Margaret Rayner: On examinations


Margaret Rayner was president of the Mathematical Association in 1987-88. She gave the 1988 Presidential address On examinations to the Association at its Annual Conference held at the University of Birmingham 6-9 April 1988. We give a version of her talk below.

It is easy to imagine that there has never been a time like the present when long term objectives and the immediate aims of education have been under such scrutiny and when the means of achieving these have been so controversial. But it would be extremely difficult to produce evidence to support such a conjecture. Many of the educational issues of today were hotly debated well over a century ago; many of the solutions now proposed were put forward in the nineteenth century by fervent supporters and were attacked by an equally fervent opposition.

Our own association had its origins in a pressure group of teachers and mathematicians who were dissatisfied with the nature of the geometry taught in secondary schools and were determined to bring about reform. After the association began in 1870, as the Association for the improvement of geometrical teaching, the first woman to become a member in 1874 was Dorothea Beale of the Ladies College in Cheltenham. She had a life-long interest in mathematics. Her ability in the subject was noticeable when she was still a young girl; she learned geometry on her own having borrowed a Euclid; without any help she read the first six books. She also tried her hand at algebra and calculated for herself the distance to the moon. She received her first formal training in mathematics as a student at Queen's College in Harley Street and became the first woman mathematics tutor there in 1849, when she was only 18. But it was as headmistress and reformer in education for girls and in teacher training that she achieved greatest fame. One of her enterprises was the establishment in Oxford of a centre for women's higher education and, what would now be called, inservice training for schoolmistresses and it was this institution which developed into St Hilda's College of which I have been a tutor and a fellow for many years. I am very proud of this, maybe tenuous, link with the early days of the Mathematical Association. Miss Beale kept her interest in the teaching of mathematics and wrote two fascinating articles on the teaching of arithmetic and of mathematics in Work and play in girls' schools published in 1898. She starts her article on arithmetic by saying that no child properly taught, would be in sympathy with the lines:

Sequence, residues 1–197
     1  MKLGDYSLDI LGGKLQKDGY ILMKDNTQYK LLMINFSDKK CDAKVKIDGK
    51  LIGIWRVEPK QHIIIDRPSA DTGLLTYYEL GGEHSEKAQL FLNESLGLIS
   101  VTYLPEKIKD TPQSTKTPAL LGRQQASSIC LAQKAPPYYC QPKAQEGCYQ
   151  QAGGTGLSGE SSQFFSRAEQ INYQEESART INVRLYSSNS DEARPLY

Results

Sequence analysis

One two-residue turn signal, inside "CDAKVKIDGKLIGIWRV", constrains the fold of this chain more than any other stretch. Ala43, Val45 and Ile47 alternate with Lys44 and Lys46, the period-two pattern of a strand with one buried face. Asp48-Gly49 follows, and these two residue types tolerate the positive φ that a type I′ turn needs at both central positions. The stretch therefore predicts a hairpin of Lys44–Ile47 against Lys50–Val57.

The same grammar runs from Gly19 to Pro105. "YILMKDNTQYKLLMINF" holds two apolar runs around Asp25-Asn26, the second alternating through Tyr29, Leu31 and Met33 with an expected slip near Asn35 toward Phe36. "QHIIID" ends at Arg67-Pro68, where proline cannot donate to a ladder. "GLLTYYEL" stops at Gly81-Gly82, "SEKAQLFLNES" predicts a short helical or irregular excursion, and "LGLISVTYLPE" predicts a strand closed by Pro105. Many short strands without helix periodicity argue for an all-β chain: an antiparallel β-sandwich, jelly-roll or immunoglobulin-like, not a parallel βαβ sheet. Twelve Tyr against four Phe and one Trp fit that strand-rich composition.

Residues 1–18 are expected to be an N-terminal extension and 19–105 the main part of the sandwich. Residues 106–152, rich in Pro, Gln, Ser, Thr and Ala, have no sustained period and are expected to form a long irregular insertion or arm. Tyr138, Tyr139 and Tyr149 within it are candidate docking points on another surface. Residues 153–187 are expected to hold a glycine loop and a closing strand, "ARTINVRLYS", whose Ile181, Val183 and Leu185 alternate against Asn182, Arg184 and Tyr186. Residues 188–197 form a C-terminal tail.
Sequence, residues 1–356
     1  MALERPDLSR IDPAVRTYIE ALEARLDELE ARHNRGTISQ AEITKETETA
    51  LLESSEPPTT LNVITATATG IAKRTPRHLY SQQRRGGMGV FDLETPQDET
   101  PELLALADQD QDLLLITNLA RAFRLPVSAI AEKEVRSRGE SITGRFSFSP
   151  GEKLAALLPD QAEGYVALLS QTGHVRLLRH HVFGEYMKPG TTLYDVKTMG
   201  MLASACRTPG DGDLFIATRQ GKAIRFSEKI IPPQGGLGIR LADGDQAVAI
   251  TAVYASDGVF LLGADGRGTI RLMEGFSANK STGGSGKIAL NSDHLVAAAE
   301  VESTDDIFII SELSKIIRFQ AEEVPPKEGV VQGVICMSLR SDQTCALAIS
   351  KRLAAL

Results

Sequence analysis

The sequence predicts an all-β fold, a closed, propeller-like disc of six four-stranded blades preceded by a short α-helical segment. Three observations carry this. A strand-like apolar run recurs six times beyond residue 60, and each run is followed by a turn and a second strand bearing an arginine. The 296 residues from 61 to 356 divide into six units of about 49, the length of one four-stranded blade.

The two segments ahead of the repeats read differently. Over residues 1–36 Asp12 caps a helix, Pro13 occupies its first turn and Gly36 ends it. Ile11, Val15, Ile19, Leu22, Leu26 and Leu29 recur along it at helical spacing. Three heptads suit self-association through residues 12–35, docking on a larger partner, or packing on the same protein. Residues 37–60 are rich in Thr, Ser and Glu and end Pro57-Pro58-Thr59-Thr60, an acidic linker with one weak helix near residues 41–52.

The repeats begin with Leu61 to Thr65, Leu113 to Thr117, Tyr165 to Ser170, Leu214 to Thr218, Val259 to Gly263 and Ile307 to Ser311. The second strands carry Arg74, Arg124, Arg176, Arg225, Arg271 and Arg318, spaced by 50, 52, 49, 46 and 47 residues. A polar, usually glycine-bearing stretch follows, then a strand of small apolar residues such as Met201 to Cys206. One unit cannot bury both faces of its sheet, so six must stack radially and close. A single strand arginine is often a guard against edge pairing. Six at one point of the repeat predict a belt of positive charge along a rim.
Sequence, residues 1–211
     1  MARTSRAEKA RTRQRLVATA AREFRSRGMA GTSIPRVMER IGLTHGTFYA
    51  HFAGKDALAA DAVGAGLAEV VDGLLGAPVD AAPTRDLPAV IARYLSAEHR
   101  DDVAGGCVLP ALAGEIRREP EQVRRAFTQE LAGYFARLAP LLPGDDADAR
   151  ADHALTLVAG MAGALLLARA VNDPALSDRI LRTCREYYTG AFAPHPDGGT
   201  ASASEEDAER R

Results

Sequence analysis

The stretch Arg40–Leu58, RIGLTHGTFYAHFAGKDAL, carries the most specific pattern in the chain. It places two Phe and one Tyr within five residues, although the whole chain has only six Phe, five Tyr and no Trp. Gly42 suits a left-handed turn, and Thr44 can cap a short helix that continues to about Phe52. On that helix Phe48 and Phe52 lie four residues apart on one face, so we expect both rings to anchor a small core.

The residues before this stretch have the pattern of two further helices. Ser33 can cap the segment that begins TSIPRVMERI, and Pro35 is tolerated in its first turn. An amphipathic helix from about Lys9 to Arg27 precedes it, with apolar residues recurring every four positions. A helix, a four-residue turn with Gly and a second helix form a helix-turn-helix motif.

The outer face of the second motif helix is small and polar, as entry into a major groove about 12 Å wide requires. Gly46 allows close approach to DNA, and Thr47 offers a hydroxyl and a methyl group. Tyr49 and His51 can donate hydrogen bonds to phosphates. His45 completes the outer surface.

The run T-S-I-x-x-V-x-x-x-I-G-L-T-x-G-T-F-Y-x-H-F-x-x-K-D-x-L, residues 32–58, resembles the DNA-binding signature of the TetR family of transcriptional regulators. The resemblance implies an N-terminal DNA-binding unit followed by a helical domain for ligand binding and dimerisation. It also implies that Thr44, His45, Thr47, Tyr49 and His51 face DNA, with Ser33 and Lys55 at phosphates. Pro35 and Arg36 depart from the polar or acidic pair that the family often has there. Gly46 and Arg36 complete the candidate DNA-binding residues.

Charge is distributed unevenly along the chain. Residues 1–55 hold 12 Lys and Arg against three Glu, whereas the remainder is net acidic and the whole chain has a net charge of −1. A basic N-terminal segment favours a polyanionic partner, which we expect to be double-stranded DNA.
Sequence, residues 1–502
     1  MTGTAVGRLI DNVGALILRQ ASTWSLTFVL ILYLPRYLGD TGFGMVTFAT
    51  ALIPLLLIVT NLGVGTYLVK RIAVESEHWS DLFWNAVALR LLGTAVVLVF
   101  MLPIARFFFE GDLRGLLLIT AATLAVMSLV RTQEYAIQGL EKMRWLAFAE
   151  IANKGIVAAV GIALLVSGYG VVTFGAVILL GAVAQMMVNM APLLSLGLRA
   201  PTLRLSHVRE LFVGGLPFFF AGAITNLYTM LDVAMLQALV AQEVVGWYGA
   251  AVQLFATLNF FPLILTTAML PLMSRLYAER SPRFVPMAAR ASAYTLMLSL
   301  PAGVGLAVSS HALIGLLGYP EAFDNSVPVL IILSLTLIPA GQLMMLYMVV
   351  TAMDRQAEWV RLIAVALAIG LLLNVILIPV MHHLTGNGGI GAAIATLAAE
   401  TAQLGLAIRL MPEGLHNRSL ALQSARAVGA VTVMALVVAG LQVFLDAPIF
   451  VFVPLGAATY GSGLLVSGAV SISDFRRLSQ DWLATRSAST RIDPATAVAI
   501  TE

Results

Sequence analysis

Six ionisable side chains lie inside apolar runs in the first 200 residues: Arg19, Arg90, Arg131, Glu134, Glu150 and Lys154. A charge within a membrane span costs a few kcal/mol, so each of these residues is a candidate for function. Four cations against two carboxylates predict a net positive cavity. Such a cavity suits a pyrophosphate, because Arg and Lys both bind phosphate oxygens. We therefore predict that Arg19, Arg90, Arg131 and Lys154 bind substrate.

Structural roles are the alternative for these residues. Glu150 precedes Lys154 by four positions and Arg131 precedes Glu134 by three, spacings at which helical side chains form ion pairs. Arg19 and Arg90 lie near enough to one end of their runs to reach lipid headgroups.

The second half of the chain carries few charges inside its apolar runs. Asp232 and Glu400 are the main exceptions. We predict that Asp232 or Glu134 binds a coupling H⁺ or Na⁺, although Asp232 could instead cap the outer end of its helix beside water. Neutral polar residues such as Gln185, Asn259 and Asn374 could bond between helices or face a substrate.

Multiplication is vexation
Division is as bad,
The rule of three doth puzzle me,
And practice drives me mad.